If the SCC approves Dominion’s application, your Commission will make patently clear that you are more concerned about satisfying the wishes of a giant corporation than the general welfare of the people who will be unnecessarily injured by the construction of 110 foot high power lines. Further, a precedent will be set that no matter where a data center chooses to locate in Virginia, even if it is 15, 20 or 30 miles away from sources of adequate electrical power, your body will not deny Dominion’s requests and rate payers will foot the bill.

Citizens are looking to you for fairness especially since the major media in this area, The Washington Post, is owned by the data center’s applicant, Jeff Bezos.

Citizens have been kept purposely ignorant throughout this process because the Prince William County Attorney’s office has repeatedly interpreted the Freedom of Information Act so as to exempt the county from FOIA requests under a confidentiality agreement initiated not by local elected officials but by Prince William County staff. This interpretation of the FOIA has been repudiated by the Virginia FOIA counsel but the County Attorney’s office has continued to stick with their interpretation of the law.

Further, Jeff Bezos and Amazon have refused to acknowledge communications from myself and Senator Richard Black. When a NY Times article was highly critical of the corporate labor and management practices of Amazon last year, Mr. Bezos responded to the NY Times with a new email address claiming he would listen to average citizens, yet he has not responded to even one of 400 emails and letters from community members and leaders upset about his decision to build one or more data centers in Haymarket outside of the industrial area.

Why should a corporate giant like Amazon receive a free ride from Dominion to construct 230kV transmission lines, the cost for which will be paid by those who will not benefit from, and in many cases be harmed by the power lines? Why are citizens forced to subsidize a wealthy major U.S. corporation? Dominion requires homeowners who build their own homes to pay to have electric brought to their homes. Why the double standard, one for rich, favored and powerful corporations, and another for the rest of us? Mark Twain’s quip is most apt here: Virtue has never been as respectable as money.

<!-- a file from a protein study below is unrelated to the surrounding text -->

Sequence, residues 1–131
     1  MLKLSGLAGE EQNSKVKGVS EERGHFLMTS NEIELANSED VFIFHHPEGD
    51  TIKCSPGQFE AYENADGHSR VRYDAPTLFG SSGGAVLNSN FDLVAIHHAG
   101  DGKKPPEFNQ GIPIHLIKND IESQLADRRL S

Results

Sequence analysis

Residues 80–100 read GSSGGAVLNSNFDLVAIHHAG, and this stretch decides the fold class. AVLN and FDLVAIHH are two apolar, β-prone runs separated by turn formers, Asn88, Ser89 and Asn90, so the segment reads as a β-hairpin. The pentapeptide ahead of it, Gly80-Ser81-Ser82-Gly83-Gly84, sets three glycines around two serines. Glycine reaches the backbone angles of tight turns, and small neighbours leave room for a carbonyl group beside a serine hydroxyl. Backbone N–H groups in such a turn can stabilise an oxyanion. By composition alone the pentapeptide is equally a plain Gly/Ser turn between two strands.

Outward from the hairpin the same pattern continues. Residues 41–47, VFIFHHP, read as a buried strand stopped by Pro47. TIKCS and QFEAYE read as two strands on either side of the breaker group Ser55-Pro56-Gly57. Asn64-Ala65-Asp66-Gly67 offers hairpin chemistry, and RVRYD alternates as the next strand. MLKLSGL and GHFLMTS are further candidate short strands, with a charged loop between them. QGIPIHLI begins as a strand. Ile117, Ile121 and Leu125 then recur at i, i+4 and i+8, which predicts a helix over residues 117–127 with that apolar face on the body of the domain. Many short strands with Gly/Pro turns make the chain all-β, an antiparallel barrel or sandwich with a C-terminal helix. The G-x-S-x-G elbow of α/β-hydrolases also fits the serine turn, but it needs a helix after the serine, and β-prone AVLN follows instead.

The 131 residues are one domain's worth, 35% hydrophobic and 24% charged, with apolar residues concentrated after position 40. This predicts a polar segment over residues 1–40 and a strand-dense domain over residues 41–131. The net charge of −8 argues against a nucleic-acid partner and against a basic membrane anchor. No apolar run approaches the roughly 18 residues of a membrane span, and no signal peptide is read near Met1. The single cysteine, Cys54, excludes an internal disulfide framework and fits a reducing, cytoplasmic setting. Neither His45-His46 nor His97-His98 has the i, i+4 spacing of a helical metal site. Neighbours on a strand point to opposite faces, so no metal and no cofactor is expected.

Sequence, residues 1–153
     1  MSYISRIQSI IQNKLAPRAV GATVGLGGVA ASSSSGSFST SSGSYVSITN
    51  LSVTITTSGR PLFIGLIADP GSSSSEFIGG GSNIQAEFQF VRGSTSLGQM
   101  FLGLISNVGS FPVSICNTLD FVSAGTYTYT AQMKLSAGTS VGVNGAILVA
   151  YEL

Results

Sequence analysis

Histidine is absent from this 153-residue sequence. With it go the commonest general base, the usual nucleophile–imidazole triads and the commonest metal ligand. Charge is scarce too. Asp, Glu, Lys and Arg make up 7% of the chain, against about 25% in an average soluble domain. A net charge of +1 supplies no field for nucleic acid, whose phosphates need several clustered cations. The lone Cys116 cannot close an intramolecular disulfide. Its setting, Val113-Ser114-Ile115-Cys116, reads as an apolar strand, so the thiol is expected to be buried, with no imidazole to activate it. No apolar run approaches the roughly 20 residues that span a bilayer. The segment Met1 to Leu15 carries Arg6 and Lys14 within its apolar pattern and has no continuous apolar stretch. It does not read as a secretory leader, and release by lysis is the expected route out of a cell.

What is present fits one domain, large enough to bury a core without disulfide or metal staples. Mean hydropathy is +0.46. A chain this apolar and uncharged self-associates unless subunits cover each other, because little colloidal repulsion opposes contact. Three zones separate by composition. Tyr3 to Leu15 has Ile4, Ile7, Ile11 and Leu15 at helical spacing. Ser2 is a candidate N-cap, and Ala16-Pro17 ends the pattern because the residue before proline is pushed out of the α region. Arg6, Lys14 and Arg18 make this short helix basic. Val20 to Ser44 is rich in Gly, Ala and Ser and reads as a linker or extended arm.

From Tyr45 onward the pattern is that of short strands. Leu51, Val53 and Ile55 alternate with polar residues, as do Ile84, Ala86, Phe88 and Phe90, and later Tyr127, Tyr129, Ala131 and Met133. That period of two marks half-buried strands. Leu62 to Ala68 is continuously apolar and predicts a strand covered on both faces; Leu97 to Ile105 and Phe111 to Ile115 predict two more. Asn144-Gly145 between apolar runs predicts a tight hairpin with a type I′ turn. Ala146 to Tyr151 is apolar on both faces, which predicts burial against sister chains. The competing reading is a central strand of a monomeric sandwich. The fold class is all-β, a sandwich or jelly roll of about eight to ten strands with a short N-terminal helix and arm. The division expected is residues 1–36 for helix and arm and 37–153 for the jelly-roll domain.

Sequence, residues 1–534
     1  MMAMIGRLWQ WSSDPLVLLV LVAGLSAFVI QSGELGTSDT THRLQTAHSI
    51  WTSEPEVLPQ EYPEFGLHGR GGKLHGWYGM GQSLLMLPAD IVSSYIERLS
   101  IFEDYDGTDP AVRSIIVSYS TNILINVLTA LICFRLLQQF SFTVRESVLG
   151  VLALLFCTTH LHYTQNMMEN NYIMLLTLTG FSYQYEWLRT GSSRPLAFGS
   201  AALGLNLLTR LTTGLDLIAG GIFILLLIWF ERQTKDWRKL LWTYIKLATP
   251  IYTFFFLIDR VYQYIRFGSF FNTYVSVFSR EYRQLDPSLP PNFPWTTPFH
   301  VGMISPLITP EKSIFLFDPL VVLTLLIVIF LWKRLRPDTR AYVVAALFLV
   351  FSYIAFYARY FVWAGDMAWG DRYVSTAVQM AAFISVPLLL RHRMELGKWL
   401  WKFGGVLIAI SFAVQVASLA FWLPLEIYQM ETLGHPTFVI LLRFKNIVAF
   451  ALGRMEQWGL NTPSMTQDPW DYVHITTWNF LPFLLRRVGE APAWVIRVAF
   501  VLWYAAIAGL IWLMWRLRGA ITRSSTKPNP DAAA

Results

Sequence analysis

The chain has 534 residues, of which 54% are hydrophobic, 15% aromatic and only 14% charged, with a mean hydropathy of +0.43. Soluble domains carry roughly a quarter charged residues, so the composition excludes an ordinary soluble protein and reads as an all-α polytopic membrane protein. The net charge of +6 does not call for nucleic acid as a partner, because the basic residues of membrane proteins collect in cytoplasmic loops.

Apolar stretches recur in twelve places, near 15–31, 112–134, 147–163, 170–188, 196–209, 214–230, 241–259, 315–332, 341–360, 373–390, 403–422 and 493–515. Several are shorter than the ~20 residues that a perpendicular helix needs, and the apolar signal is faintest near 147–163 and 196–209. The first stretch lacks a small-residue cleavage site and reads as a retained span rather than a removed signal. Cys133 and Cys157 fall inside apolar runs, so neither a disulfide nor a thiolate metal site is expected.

Both Dominion and Amazon expect that the three commissioners of the State Corporation Commission will decide that it is OK for Dominion and Amazon to take property and diminish property values of homeowners without compensation simply to benefit their corporations. Yet, if an individual were to deface a private residence or destroy private property value in some way, he would at least be required to pay just compensation under civil law. Will Dominion and Amazon get away with stealing property values with the blessing and assistance of the State Corporation Commission? I hope not!

I would like to also add that the decision made by this commission to approve any overhead route for these lines may not be the final say in these proceedings.

Again, while I oppose Amazon building a data center outside of an industrial area, as a state delegate I have no zoning authority, since I am not a local official. But I strongly and sincerely urge you, at the very least, to require Amazon to cover the cost of their extension cord and place it underground. Individual home owners must cover the costs of bringing power to their property when building a home. You should reject a double standard.

Finally, the only acceptable power line route that would minimize damage to Western Prince William home owners and businesses would be the underground hybrid route along I-66, so please, if you must approve a route, approve the hybrid route and no other.
Even if the cost of undergrounding the line is more expensive than the overhead line it cannot compare to the ongoing cost of lost property values. The Golden Rule, to treat others the way we wish to be treated, should be observed for the common good. This is Amazon’s business investment and Amazon should pay for it.